FOR IMMEDIATE RELEASE CONTACT: Sept. 1, 1993 Steve Eisenberg Pittsburgh Supercomputing Center 412-268-6132
Kitano, a computer scientist specializing in artificial intelligence (AI), is bypassing traditional AI methods to tackle the translation challenge. And his efforts, which involved the Connection Machine CM-2 at the Pittsburgh Supercomputing Center, earned him the most prestigious award in artificial intelligence for researchers under 35. He received the Computers and Thought Award Aug. 31 at the 13th International Joint Conference on Artificial Intelligence in Chambery, France.
This year's award marks the first time a researcher has won for work on a massively parallel computer, such as the CM-2 from Cambridge, Mass.-based Thinking Machines Corp. "The nomination letters highlight his outstanding contributions to the use of massively parallel software and hardware in artificial intelligence -- for example, in speech-to-speech translation," says Conference Chair Wolfgang Wahlster of the German Research Center for AI, who organized the worldwide search for the award winner.
Until recently, the 100s to 1,000s of processors in a massively parallel computer were largely absent from AI research because traditional AI models had relied on single-processor computers, such as high-end workstations, and were not appropriate for massively parallel machines. So Kitano, 32, wrote a new program that took advantage of the CM-2's 32,000 processors. The result was one of the world’s first speech-to-speech translation systems relying on massively parallel computing -- the type of computer firepower, he says, that will dominate AI's future.
Kitano received his doctorate in 1991 from Japan's Kyoto University, and he splits his research time between Carnegie Mellon University, where he is a visiting scientist at the Center for Machine Translation (CMT), and the Sony Computer Science Laboratory in Japan. CMT is a research branch of Carnegie Mellon's School of Computer Science and is devoted to basic and applied research in all aspects of natural language processing.
The traditional AI approach to speech-to-speech translation, which requires a few seconds to a few minutes to translate one sentence, is extremely rigid. All knowledge is explicitly represented, and rules strictly run the show. "There are several reasons this fails in the real world," says Kitano, who once was a professional simultaneous interpreter. "It is almost impossible to obtain a complete set of knowledge for a given problem."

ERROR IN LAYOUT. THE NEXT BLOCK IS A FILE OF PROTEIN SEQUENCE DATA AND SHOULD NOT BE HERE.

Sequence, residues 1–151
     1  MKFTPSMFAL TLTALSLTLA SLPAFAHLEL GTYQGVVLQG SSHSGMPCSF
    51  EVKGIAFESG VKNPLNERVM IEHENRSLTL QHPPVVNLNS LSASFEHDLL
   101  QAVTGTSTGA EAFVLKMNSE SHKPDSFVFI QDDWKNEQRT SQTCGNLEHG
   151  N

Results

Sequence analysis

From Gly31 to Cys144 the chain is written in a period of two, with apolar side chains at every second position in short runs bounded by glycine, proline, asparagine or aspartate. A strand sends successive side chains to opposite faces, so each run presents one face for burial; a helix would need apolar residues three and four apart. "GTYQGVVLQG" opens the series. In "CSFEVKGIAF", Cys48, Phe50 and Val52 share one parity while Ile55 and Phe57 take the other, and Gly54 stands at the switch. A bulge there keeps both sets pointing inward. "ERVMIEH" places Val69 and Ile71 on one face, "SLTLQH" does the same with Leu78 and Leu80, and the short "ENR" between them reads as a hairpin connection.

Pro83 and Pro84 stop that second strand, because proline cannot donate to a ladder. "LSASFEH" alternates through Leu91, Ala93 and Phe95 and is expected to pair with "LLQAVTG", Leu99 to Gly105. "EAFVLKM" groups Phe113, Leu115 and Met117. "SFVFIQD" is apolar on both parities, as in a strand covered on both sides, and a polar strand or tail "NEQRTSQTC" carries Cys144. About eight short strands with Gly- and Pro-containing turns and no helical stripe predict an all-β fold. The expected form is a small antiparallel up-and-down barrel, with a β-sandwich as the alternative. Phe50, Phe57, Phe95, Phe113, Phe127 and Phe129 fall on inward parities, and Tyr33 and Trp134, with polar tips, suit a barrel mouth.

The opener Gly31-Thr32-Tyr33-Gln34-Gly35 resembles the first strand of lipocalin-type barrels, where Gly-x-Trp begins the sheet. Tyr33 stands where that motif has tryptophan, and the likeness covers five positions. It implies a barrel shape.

The solution, Kitano maintains, is building on the memory-based computer system first proposed in the early 1980s. "The common thread is to view memory as the foundation of intelligence," he says. When the memory-based approach is used for translation with the CM-2, an English sentence arrives at the computer, which then rifles through its 32,000 processors -- each containing a few sentences -- and comes up with the appropriate match, along with its Japanese translation.
For instance, if the English sentence were, "Kitano won the Computers and Thought Award," the machine would locate two similar English sentences, such as "Yukawa won the Nobel Prize" or "Sena won the Grand Prix," and their Japanese translations. And because the "Nobel Prize" is closer in meaning to the "Computers and Thought Award," the machine would pick the first sentence, make the appropriate changes and produce the Japanese translation. So far, Kitano has achieved a 75 percent accuracy rate when testing his program on 1,600 sentences with the CM-2.
The Computers and Thought Award was established in 1971 and is awarded every two years. Nominations for the $2,000 award are invited from everyone in the international artificial intelligence community. The Pittsburgh Supercomputing Center, a joint project of Carnegie Mellon University and the University of Pittsburgh together with Westinghouse Electric Corp., was established in 1986 by a grant from the National Science Foundation with support from the Commonwealth of Pennsylvania.
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